10. macrumors 68040


    Absolutely right. I look at my parents. They don't want something new. They want their current system (a Dell running Windows) to run faster, without crashing, and without the need for antivirus tools consuming all available CPU power.

    If Microsoft would be capable of delivering that soluton (instead of adding eye-candy that requires more powerful hardware without adding any useful features), Apple would lose all their switchers. But MS is either unable or unwilling to do this - you decide if their problem is incompetance or apathy - so Apple is able to recruit those PC users who decide they've had enough.

    If MS actually delivers on their promises, Apple will be in trouble. But I don't think there's much to fear in this department ;)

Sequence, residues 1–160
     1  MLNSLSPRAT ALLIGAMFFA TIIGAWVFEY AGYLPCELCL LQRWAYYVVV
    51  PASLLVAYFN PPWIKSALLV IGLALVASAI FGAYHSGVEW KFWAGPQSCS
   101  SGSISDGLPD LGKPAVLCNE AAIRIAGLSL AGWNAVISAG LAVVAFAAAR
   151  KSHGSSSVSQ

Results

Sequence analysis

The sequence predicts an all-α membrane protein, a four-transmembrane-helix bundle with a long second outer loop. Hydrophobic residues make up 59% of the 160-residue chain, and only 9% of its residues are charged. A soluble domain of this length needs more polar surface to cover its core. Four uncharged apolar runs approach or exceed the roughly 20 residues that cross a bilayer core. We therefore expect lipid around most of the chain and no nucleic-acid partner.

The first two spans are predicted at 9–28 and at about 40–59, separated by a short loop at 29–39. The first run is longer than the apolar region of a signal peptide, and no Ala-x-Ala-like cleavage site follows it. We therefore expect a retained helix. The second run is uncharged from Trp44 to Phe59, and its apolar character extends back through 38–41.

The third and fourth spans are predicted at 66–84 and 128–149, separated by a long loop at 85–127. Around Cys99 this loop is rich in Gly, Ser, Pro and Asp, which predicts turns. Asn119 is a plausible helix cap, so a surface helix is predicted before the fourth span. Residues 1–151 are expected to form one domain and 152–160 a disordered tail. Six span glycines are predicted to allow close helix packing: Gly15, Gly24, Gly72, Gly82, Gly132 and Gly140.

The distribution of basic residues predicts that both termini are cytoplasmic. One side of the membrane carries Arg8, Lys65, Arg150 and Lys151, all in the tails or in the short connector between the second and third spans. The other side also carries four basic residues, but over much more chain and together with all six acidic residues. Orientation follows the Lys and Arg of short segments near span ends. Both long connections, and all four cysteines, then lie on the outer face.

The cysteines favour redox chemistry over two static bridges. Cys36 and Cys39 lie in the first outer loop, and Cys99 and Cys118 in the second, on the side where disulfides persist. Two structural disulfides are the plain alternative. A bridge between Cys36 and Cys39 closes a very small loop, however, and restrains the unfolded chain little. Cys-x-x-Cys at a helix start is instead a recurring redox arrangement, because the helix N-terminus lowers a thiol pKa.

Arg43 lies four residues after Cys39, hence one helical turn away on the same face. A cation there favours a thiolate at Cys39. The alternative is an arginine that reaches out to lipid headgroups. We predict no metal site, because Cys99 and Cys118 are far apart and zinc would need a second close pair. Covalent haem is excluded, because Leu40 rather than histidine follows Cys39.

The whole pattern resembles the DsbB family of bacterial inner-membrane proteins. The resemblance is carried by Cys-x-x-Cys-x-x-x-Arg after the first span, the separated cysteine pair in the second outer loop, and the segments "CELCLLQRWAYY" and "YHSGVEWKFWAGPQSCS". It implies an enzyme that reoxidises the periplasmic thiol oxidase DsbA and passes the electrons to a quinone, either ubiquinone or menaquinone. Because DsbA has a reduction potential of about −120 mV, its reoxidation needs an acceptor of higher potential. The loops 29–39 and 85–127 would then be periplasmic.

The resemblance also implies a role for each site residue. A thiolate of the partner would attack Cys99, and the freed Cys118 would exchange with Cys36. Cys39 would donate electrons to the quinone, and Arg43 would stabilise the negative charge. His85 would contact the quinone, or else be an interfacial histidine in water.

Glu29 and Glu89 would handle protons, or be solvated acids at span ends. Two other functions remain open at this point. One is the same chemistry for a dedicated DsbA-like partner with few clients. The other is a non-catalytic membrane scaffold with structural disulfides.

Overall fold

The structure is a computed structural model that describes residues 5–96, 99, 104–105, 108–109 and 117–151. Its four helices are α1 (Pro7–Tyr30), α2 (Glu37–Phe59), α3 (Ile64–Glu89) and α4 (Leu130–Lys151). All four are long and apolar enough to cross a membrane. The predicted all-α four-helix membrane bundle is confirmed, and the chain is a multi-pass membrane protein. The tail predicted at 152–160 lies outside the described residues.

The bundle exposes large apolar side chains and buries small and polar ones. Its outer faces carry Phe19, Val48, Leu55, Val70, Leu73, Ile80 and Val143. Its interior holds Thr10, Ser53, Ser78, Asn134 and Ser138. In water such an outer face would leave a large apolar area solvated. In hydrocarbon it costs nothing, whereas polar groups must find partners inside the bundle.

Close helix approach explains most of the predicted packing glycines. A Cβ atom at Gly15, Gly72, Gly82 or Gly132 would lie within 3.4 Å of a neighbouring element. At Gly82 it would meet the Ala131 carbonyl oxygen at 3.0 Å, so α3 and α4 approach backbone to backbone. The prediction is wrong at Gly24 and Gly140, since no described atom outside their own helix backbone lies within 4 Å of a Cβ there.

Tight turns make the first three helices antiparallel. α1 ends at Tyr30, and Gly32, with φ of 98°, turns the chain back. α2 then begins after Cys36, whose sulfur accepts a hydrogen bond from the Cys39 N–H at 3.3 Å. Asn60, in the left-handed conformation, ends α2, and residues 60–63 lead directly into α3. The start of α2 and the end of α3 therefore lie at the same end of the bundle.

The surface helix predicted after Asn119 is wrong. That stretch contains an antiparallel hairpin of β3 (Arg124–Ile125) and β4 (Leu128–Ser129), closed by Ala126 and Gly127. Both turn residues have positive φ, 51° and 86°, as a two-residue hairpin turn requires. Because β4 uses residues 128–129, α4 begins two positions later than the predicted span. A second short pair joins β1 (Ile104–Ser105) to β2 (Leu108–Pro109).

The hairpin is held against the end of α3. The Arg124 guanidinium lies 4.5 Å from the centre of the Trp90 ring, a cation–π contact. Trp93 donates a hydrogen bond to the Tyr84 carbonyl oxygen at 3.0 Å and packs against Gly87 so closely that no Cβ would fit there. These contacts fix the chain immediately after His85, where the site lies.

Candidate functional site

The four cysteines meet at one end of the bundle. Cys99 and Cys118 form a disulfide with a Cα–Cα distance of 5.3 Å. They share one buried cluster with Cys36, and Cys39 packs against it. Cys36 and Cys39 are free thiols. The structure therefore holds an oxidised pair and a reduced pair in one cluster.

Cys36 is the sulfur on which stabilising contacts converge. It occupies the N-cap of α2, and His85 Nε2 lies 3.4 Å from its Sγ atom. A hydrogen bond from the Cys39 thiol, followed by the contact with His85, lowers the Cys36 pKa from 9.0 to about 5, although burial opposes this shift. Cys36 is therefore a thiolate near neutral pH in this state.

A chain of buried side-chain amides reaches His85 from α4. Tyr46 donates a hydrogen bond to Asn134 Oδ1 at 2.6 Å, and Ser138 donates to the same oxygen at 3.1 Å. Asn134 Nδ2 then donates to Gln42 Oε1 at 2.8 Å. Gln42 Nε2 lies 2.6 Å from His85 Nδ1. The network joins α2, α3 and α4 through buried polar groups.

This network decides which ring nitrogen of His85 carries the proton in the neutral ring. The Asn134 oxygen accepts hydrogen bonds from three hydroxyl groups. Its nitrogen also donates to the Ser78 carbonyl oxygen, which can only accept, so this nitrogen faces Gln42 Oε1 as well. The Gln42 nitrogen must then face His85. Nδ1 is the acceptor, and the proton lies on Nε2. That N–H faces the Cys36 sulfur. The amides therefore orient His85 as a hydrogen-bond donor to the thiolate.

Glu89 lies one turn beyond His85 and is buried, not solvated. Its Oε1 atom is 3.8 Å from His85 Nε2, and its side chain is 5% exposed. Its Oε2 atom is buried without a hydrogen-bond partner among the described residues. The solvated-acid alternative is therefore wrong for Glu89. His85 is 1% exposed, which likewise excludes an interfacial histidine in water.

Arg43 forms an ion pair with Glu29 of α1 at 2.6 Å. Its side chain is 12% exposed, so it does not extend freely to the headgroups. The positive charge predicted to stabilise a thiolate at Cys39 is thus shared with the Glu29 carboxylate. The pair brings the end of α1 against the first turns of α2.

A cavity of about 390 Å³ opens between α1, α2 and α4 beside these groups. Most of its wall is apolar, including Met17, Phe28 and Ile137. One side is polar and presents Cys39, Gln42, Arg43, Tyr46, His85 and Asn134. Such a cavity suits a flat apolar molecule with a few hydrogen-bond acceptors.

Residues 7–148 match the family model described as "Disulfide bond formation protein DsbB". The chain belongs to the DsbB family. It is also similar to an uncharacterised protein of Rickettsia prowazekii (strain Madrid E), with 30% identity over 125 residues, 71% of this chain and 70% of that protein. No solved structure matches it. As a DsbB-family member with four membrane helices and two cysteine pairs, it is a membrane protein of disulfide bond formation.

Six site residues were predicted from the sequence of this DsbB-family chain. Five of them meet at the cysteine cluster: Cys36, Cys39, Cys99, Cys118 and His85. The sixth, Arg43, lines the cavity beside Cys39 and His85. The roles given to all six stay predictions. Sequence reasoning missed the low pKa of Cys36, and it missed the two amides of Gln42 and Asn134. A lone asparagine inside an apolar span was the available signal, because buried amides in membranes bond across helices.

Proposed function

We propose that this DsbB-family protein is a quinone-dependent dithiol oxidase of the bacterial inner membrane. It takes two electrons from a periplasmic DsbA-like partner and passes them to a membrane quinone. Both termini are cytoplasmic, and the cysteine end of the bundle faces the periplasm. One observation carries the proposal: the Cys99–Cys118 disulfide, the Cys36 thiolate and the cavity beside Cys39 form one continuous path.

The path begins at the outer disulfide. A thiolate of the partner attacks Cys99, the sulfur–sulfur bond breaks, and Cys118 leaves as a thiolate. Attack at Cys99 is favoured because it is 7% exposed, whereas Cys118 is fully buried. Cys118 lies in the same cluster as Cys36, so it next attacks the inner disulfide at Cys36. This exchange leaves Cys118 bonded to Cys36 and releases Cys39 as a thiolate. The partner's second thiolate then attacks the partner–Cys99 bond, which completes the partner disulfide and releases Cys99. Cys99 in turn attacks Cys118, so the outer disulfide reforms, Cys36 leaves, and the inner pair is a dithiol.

11. macrumors 68020


    I could'nt think of what else to put when I wrote the description.:rolleyes: :p
  12. macrumors 68020


    Agreed. They just want a PC to work properly and they don't necessarily want to learn any new way of doing stuff just to get things done.
  13. macrumors 68030



    And if Apple were to wake up, Microsoft would be in trouble. Whoever finds out that the majority of consumers want something practical that works will be in the drivers seat. Unfortunately neither Apple nor the PC world can figure all that out.
  14. macrumors 68040


    Doesn't work that way. Nobody is expecting Apple to sell a Windows platform, even though that's what the public wants.

    If they did, it wouldn't attract many PC users. They'd (correctly) see it as just another PC, no different from all the rest. It would end up having to compete solely on the basis of price, and I don't think Apple can ever compete in a market like that. They need their high margins to survive.